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Once a wallflower

08 May

Emerging protea (Photo by Tseen Khoo)

I started this post wanting to write about the value of participating, and the context of not-participating.

It got a bit long.

When I was an undergraduate, meandering through my Arts degree and waiting for purpose to strike, I felt incapable of participating properly in tutorials. I hated them. I was happy to listen to the better lecturers and tutors discuss things about the subject, and I usually had no significant questions to ask during the smaller classes. If only there was more of an understanding of us introverted types (which seems all the vogue right now), and allowance for leveraging my listening skills as an introvert. Maybe I should’ve just faked it.

Dreading these forums for learning, and knowing that a percentage of marks were allocated to just showing up, my undergraduate years were conflicted. Being introduced to the scope of knowledge materials and the expert-led winnowing of topics (however biased) thrilled me, but the compulsory face-time that brought me very little insight and a lot of angst tempered my enthusiasm.

Conversely, I loved lectures. They required minimal engagement with the lecturer or your peers, and I could get excited or confused at my leisure. Excitement I’d channel through assignments and reading, confusion I’d address by visits to the library to read around topics or terms of which I was ignorant. This dynamic suited my learning style really well. Plus: double-bonus if there was no project work (yeah, not a fan of that either).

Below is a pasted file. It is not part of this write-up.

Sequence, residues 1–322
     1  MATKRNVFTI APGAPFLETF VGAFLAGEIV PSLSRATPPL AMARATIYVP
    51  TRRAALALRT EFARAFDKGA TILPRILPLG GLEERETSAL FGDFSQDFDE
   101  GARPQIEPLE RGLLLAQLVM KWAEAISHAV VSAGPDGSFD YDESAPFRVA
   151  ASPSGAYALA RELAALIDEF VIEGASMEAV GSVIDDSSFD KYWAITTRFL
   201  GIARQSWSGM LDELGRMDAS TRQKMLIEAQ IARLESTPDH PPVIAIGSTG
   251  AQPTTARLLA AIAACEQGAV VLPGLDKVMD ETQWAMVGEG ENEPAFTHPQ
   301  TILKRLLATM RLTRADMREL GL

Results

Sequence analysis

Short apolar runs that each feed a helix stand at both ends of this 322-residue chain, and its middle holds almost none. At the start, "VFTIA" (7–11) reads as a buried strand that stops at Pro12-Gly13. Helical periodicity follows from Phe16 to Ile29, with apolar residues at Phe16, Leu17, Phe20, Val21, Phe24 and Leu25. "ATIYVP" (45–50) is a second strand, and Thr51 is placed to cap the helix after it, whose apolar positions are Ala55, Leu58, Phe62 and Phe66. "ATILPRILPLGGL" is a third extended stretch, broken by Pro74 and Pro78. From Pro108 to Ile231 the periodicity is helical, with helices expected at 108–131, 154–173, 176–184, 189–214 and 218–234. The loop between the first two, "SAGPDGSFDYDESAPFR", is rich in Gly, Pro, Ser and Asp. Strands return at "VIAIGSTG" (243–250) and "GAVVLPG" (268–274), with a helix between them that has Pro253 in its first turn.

Thinking back on my earlier university experiences now, I think I would’ve thrived very happily if social media interaction was an option for discussion and presentation. That said, would I have completed my degree(s) with the siren-call of Twitter, blogging, and IM technology so loud and clear before me?

For many years after the chronic disengagement I had in undergrad tutes, I was convinced that I was just not a participator, not the kind of person who’d volunteer for projects, or put my name down for events (though this latter one may have something to do with the fact that I didn’t turn up to a highschool ‘meeting’ about Sports Day and ended up as a contestant in the 800m race…).

What I’ve come to realise – with that magical 20/20 hindsight – is that I’m actually a big participator. I’ll put myself forward to do things all the time, as long as they don’t involve taking the stage (I’d never volunteer to be a key speaker). Part of my steadily increasing level of participation in various academic and cultural things is due to a basic consolidation of self-confidence and experience, but it is also the recurrent realisation across the board that unless I’m willing to show some initiative and commitment to something, I won’t get much out of it.

I do kvetch at times about the AASRN and how much time/angst goes into it (it’s all true, though complaining about it sometimes appears unseemly), but I’ve had immeasurable benefits from the connections I’ve made, momentum in the field that was created, and feeling of an intellectual community that has accrued. There are elements of it that still make me want to punch a wall (not always metaphorically) but, overall, it has been fab. I’ve felt similarly during my shorter involvement with organisations like ACSANZ and INASA.